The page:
Step 9. Continue using long division
Repeat the long division steps you used earlier to multiply the answer by the smallest number. Write the result under the largest number and subtract to get the next remainder.
 Remember that you just calculated 47 ÷ 15 = 3, and now you want to find out what the remainder is:
 3 x 15 = 45, so write "45" under "47".
 Solve 47  45 = 2. Write "2" under 45.
Step 10. Find the last digit
Lower the next digit of the original problem as you did before so you can solve the next division problem. Repeat the steps above until you find all the digits of the answer.
 You have 2 ÷ 15 as your next problem, which doesn't make much sense.
 Lower one digit to make 22 ÷ 15 instead of 2 ÷ 15.
 15 goes into 22 once, so write "1" at the end of the answer line.
 The answer now is 231.
Step 11. Find the remainder
You just need a subtraction problem to find the final remainder, and with this you are done. In fact, if the answer to the subtraction problem is 0, you won't even need to write the remainder.
 1 x 15 = 15, so write 15 under 22.
 Find 22  15 = 7.
 You have no more digits to go down, so instead of dividing, just write "remainder 7" or "R7" at the end of the answer.
 The final answer is: 3472 ÷ 15 = 231 remainder 7.
Part 2 of 2: Follow These Tips to Guess Better
Step 1. Round to the nearest ten
It is not always easy to see how many times a twodigit number fits into a larger one. Use helpful tricks to round to the nearest multiple of 10 to make guessing easier. This is useful for smaller division problems or for solving parts of a long division problem.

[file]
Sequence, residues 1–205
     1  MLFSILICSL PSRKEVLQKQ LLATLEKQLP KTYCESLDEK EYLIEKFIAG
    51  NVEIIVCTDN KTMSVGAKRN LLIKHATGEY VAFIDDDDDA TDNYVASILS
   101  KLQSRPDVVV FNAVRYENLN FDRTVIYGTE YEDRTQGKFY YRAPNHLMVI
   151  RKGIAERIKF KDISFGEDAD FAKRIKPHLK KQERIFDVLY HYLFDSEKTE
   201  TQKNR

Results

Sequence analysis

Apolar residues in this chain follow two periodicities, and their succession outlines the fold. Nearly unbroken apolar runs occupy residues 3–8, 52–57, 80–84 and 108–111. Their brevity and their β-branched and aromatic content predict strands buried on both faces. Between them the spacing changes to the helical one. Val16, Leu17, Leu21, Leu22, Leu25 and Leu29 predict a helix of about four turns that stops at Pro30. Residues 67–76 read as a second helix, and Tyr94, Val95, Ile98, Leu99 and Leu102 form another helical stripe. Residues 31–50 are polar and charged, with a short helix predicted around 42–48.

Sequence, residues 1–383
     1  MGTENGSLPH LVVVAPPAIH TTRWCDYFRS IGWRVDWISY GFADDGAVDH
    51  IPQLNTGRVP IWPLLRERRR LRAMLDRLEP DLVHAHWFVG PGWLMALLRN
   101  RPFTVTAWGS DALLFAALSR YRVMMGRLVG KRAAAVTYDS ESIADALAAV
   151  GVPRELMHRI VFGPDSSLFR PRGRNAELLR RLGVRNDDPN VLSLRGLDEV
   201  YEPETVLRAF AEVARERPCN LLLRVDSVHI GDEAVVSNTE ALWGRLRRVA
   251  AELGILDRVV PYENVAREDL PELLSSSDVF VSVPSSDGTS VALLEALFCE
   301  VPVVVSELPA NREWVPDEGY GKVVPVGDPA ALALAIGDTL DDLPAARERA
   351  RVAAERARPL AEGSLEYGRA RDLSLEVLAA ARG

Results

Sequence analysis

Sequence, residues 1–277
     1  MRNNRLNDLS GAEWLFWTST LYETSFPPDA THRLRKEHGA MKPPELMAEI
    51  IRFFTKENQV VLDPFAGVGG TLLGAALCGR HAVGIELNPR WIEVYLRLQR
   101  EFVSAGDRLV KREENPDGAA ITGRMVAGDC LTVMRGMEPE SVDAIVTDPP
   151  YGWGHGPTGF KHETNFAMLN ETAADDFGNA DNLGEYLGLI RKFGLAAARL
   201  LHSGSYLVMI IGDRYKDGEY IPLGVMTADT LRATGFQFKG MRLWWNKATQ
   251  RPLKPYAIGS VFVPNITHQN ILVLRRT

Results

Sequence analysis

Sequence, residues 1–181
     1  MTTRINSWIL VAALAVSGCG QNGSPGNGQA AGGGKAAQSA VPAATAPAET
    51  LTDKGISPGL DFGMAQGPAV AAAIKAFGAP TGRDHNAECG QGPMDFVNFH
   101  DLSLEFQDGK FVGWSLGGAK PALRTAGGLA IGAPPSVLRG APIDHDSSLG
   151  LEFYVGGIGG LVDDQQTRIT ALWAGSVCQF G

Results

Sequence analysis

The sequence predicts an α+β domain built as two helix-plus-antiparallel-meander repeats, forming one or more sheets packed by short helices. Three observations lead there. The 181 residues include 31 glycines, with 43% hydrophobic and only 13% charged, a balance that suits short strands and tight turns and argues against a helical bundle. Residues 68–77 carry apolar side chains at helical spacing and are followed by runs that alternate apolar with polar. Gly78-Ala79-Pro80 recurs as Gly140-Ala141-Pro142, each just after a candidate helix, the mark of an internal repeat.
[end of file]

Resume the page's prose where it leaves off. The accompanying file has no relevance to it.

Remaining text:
For example, suppose you are going to solve 143 ÷ 27, but you have a hard time guessing how many times 27 goes into 143. Suppose you have to solve 143 ÷ 30 instead
Step 2. Count by the smallest number with your fingers
In the example, you can count by 30 instead of counting by 27. Counting by 30 is pretty easy once you get the skill to do it: 30, 60, 90, 120, 150.
 If you find it difficult, just count by three and add a 0 at the end.
 Count to a number higher than the large number in the problem (143), then stop.
Step 3. Find the two most likely answers
You didn't get exactly 143, but you got two close numbers: 120 and 150. Now see how many fingers you counted to get them:
 30 (one finger), 60 (two fingers), 90 (three fingers), 120 (four fingers). So 30 x four = 120.
 150 (five fingers), so 30 x five = 150.
 4 and 5 are the two most likely answers to the problem.
Step 4. Test the two numbers in the real problem
Now that you have found two possible estimates, test them with the original problem, which was 143 ÷ 27:
 27 x 4 = 108
 27 x 5 = 135
Step 5. Make sure you can't get any closer
Since the two numbers ended up being less than 143, it is necessary to try to get even closer by trying one more multiplication problem:
 27 x 6 = 162. This number is higher than 143, so it cannot be the correct answer.

27 x 5 is the closest without going over, so 143 ÷ 27 =
Step 5. (plus a remainder of 8, since 143  135 = 8).
Advice
If you don't want to multiply by hand during long division, try breaking the problem down into digits and solving each part in your head. For example, 14 x 16 = (14 x 10) + (14 x 6). Write 14 x 10 = 140 so you don't forget. Then think: 14 x 6 = (10 x 6) + (4 x 6). Well, 10 x 6 = 60 and 4 x 6 = 24. Add 140 + 60 + 24 = 224 and there you have the answer
Warnings
 If, at any point, the subtraction results in a number greater than your divisor, the number you guessed is not large enough. Delete the entire step and try guessing with a larger number.
 If, at any point, the subtraction results in a negative number, the number you guessed was too large. Delete the entire step and try guessing with a smaller number.